you think back to where the world was at the 2016 Rio de Janeiro Olympic Games, you might think the world has never changed as many in-between Games as it has from 2016 to 2021. However, in the years following the 1988 Summer Olympics in Seoul, lots of political changes took place:
- The abolishment of the Apartheid in South Africa;
- The fall of the Berlin Wall and the reunification of Germany;
- The reunification of North and South Yemen;
- The dismantling of the Soviet Union into 15 separate countries;
All of these political changes also affected the Olympic Games.
Fresh Faces in New Places
The ex-USSR Republics of Estonia and Latvia participated as independent countries for the first time since 1936. Lithuania sent its first team since 1928.
The remaining 12 former Soviet Republics of Armenia, Azerbaijan, Belarus, Georgia, Kazakhstan, Kyrgyzstan, Moldova, Russia, Tajikistan, Turkmenistan, Ukraine, and Uzbekistan participated as a “Unified Team”, with 475 (310 men and 165 women) participants competing in 27 sports.
The team was nicknamed the “Commonwealth of Independent States,” although the winners were honored under the flags and anthems of their own republics.
The “Unified Team” finished first in the medal rankings, beating its biggest rival, the USA, one last time.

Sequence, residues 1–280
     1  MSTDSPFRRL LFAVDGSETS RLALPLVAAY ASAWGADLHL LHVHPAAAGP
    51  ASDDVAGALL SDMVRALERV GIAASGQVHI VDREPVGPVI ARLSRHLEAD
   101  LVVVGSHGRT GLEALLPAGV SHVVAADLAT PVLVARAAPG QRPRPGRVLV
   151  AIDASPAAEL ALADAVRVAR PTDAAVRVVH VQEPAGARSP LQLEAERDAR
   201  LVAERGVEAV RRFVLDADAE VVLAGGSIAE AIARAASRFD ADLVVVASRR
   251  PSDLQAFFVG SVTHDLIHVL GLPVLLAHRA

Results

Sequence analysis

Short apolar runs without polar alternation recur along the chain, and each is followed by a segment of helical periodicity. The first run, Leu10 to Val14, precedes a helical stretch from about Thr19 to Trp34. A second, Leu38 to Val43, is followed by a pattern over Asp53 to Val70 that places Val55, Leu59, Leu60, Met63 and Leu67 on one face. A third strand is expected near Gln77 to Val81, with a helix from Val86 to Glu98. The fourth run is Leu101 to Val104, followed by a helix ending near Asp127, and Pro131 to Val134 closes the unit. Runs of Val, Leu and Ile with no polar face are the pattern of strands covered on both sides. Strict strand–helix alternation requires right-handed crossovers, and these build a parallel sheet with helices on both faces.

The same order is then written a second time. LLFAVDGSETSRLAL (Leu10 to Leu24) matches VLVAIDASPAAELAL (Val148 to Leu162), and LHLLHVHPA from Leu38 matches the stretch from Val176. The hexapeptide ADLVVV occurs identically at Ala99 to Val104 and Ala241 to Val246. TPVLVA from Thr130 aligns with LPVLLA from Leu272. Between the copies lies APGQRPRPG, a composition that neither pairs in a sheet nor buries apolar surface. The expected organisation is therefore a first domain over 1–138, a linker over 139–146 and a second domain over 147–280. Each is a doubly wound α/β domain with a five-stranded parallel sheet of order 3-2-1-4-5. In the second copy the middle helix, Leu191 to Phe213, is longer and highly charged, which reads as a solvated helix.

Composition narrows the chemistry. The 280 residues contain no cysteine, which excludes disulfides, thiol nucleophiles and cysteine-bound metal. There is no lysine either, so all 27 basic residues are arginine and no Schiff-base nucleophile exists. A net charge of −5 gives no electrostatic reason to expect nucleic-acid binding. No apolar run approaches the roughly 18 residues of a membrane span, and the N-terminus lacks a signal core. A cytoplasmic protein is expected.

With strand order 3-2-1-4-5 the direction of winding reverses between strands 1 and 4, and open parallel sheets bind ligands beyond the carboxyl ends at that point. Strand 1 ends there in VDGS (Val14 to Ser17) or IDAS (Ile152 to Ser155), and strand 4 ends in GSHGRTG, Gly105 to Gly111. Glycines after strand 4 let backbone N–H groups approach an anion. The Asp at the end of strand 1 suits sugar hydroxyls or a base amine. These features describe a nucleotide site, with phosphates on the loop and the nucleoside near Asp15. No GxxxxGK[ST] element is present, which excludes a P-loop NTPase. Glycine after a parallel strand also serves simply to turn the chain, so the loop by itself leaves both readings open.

They won 45 gold medals (to the Americans’ 37), and 112 medals overall (to the Americans’ 108).
The Winter Olympics
A smaller version of the “Unified Team” finished runner-up in the medal rankings at the Winter Games, in Albertville, France, earlier that year.
The team, comprised of athletes from Russia, Ukraine, Kazakhstan, Belarus, Uzbekistan, and Armenia, won 23 medals (nine gold), just three short of the then-unified Germany team.
1992 was the last time the Summer and Winter Olympics were held in the same year.
In the next Winter Olympics, in 1994, the former Soviet States competed independently for the first time.
Other facts about the 1992 Olympic Games:
- These were the Games of breakups and reunions: Yemen competed for the first time as a united country; Germany competed as one country for the first time since 1964.
- Besides Latvia, Lithuania, and Estonia, other former communist countries like Slovenia, Croatia, and Bosnia made their Olympic debuts.
- Due to United Nations (UN) sanctions, Yugoslavian athletes were not allowed to participate. However, some individual athletes from Serbia and Montenegro competed under the Olympic Flag as independent participants.
- They were the first Games held since the end of the Cold War.
- They were the first non-boycotted Olympics since 1972.
- With the end of the Apartheid, South Africa was re-invited to the Games by the International Olympic Committee (IOC), participating with a racially integrated team.
- The list of sports now included baseball, badminton, and women’s judo.
- The Games were marked by an increasing presence of professional athletes, most notably the American Basketball team – “The Dream Team”. However, the distribution of medals remained fairly balanced.
- The Belarusian gymnast Vitaly Shcherba put on a dominant display, winning five of her seven performances.
TV producer, reader, writer, bibliophile, and map lover. Did I mention I also love history?
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